Junk Collectors

Junk Collectors School

Junk Collectors School

 

We are all junk collectors.  Even those who don’t outright admit it will testify to their ubiquitous junk drawer choc-a-bloc with rubber bands, pencils, straws, outdated coupons, Chinese takeout sauce packages, matches, candles, or any one of another million of modern society’s objects.  Some, like Jake, in the book above, are experts. And his junktiquing protege, Andy, wants to be just like him.  There’s so much in this world that others have cast off, and oftentimes it takes a special set of eyes to see the beauty in things left unloved and unwanted.  Repurposing and recycling happens to all of us ultimately, whether it starts off as an intended activity or the reusing of an item happens simply by chance.  How many of us have truly bought a new car? Most of us in this economy can only afford used, or as the dealers prefer to call them, “preowned.” 

Isn’t much of what we touch preowned?  Was the first house we bought a pre-fab McMansion in a nice suburb?  I think not.  Life evolves for us in Western society, and we are in a continual state of upgrading and improving our lot in life, sometimes to please ourselves, sometimes to impress others, and sometimes for reasons we don’t yet truly comprehend.  Aren’t the nicest  homes we’ve visited filled not with beautiful new drapes, priceless rugs, or costly fixtures but rather possessing instead the qualities of what we value inherently as a human being? I am talking about basic niceties like a warm hearth, a handknitted shawl, a steaming mug of cocoa, a careworn sofa, familiar books or vintage LPs, a collection of old cards and photographs, comfy slippers, and the quiet familiarity of our oldest friends and closest family.  I daresay most of these things’ value lie not in the pricetag but rather in the warmth and attachment we all feel when sharing them?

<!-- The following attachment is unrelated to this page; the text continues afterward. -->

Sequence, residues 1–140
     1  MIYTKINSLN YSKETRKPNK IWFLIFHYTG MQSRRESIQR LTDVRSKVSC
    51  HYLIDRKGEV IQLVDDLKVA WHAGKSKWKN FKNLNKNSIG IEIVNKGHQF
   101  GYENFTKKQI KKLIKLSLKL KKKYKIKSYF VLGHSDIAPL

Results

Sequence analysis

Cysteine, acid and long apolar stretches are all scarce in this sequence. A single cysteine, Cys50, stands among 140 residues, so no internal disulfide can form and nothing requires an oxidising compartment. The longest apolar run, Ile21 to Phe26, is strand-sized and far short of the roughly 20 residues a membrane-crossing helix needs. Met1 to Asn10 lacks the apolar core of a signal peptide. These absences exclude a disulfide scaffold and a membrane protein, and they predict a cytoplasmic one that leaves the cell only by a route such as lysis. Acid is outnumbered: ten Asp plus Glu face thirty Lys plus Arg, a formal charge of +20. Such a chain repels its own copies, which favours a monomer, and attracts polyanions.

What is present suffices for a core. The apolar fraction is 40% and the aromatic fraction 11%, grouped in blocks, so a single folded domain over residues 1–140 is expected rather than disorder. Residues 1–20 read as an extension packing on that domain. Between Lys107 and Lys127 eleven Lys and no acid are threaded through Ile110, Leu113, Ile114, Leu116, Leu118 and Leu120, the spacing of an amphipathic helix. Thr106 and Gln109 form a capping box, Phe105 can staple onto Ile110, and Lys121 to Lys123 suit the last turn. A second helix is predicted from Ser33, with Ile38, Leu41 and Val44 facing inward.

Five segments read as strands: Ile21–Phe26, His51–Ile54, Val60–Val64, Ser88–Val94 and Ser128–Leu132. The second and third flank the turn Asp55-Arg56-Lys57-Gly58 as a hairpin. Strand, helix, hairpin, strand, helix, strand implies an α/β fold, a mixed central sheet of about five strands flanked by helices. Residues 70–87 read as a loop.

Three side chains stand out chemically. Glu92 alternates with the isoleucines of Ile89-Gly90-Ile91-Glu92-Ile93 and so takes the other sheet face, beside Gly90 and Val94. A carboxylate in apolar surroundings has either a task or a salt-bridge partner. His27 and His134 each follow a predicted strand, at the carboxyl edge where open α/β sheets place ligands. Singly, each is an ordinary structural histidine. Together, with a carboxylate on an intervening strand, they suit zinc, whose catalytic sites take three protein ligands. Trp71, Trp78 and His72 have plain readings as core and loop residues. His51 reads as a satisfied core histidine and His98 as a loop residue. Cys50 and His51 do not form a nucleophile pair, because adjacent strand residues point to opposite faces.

If I am a junk collector because I save some pennies and display an antique photograph of my great-great grandmother, within a thrift-store frame, then so be it.  If I am a purveyor of secondhand and have no compunction in scouring the yards and garages of my neighbors looking for the perfect jelly jar, then I guess I am guilty as charged. 

But like Andy, I would be honored to graduate from Junk Collector School, to share in the wit and wisdom of those traveling life’s path before me, and hopefully gather some beauty along the way.

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Published in: on 2009/08/06 at 12:49 am  Comments (1)  
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